- Physical safeguards – These safeguards protect deidentified patient data by controlling physical access to systems, servers, databases, and devices that contain anonymous information.
- Technical safeguards – This category includes firewalls, antivirus software, anti-malware tools, next-gen encryption, and the other apps that are used to protect your network from intruders.
Although these strategies are not required, and failure to implement them for anonymous data will not result in any repercussions from HIPAA, they still provide a solid framework when securing your deidentified patient data.
Transferring Data Securely
Organizations are not required to observe HIPAA’s data encryption guidelines when storing or transferring deidentified patient data. Still, doing so helps ensure data integrity while keeping your data away from any unintended recipients but it helps ensure data integrity while keeping your data away from any unintended recipients.
Current HIPAA guidelines recommend several encryption methods:
- Advanced Encryption Standard (AES-256)
- Transport Layer Security (TLS)
- OpenPGP (Pretty Good Privacy)
- S/MIME (Secure/Multipurpose Internet Mail Extensions)
Understanding the Benefits of Deidentified Data
Organizations de-identify patient information for numerous reasons, including:
- Data sharing and collaboration – Thanks to high-speed internet, healthcare professionals can collaborate and share anonymous data on a global basis, ultimately helping to speed drug discovery and new forms of treatment.
- Organizational performance tracking – Organizations can evaluate their own performance in several areas, including tracking the popularity of specific health plans within a particular region.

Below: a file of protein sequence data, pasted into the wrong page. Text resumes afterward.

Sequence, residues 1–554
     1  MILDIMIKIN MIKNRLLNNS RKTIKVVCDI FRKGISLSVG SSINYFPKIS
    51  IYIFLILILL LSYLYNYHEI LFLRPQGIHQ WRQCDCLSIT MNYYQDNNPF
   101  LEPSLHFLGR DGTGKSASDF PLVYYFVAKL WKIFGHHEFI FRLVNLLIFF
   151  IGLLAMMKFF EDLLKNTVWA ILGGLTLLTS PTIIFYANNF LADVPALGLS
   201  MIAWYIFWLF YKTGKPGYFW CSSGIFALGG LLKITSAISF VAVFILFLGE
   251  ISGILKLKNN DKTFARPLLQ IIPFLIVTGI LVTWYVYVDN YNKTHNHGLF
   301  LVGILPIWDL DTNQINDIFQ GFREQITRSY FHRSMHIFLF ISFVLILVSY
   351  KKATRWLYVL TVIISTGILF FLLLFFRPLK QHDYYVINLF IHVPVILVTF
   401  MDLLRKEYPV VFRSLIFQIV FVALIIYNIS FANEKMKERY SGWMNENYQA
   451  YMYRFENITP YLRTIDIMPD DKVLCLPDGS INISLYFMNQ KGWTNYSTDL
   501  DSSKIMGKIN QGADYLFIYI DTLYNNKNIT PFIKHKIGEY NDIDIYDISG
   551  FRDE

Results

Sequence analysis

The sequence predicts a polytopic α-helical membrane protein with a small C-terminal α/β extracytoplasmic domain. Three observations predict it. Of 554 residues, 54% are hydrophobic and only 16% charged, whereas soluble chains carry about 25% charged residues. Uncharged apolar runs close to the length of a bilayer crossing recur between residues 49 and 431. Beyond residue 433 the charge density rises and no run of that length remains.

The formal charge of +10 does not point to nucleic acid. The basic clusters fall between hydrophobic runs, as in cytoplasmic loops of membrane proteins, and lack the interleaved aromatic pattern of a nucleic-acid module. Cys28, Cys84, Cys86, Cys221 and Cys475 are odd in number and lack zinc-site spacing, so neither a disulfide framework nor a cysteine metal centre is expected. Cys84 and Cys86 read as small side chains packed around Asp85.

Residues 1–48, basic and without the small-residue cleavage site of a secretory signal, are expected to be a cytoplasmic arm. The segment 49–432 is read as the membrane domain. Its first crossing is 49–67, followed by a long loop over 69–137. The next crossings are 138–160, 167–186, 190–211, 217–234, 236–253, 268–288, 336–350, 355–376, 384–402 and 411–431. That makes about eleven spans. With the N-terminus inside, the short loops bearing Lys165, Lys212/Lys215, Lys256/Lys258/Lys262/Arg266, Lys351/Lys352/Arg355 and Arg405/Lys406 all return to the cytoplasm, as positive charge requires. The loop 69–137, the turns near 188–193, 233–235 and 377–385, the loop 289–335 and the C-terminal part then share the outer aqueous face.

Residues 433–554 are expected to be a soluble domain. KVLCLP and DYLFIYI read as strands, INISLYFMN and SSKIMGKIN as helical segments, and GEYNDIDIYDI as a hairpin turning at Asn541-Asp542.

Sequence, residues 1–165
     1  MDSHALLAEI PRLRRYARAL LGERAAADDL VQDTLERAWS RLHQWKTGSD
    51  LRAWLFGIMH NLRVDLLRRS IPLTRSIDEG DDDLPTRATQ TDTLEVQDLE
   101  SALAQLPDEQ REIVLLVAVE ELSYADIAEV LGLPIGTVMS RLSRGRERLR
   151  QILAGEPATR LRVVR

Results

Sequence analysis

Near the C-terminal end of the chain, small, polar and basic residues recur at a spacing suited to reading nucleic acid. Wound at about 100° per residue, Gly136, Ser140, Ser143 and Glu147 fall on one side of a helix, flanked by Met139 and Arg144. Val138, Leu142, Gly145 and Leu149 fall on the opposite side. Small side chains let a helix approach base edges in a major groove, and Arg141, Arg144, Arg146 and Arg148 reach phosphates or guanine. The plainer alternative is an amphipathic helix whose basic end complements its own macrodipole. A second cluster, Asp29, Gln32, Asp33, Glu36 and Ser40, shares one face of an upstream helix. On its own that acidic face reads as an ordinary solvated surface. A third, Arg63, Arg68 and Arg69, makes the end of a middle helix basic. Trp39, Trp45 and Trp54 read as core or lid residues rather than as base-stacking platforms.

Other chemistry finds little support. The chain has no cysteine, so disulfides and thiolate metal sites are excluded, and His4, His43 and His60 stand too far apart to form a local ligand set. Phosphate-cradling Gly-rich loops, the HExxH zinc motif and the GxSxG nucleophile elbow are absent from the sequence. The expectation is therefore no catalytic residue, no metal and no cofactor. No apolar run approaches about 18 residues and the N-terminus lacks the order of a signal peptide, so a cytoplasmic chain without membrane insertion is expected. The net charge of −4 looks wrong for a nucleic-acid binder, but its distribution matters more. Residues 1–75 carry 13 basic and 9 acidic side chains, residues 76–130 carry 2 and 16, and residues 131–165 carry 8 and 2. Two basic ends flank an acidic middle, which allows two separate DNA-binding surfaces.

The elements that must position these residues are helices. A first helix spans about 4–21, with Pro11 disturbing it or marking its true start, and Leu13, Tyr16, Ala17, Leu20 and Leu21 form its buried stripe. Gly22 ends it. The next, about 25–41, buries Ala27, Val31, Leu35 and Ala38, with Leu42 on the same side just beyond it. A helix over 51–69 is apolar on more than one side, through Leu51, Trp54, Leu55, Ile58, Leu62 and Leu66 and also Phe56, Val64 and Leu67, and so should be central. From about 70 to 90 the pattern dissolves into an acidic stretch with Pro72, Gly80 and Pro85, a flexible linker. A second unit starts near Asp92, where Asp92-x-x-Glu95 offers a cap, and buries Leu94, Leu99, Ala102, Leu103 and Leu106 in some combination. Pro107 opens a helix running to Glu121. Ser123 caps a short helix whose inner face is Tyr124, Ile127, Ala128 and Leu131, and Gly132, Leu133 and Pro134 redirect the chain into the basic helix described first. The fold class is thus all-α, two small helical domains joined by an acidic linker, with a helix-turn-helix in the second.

- Demographic analysis – Hospitals and research facilities can use anonymous data to determine disease rates, treatment effectiveness, medical insurance coverage, and more.
Examining the Risks of Deidentified Data
While there’s no denying that medical research poses a lesser threat to the public when using deidentified patient data, there are still some inherent privacy risks and concerns.
- The sharing or sale of anonymous data without consent – Although they’ve all been unsuccessful to date, numerous lawsuits have been started regarding the sale of deidentified patient data.
- Malicious data reidentification – Numerous studies indicate that malicious data reidentification is unlikely, it’s still a possibility with modern technology.
- Lack of industry regulations – Since neither deidentified nor anonymous data is protected by HIPAA, they are left in a totally unregulated and unchecked state. As such, they can legally be used for nearly any purpose.
Protecting All of Your Patient Data
Deidentified patient data can be stored, processed, and transmitted without having to observe the stringent data protection rules outlined in HIPAA.
For more information on deidentified, anonymized, or reidentified patient data, or to find out how to better protect your patients’ data, contact RSI Security today.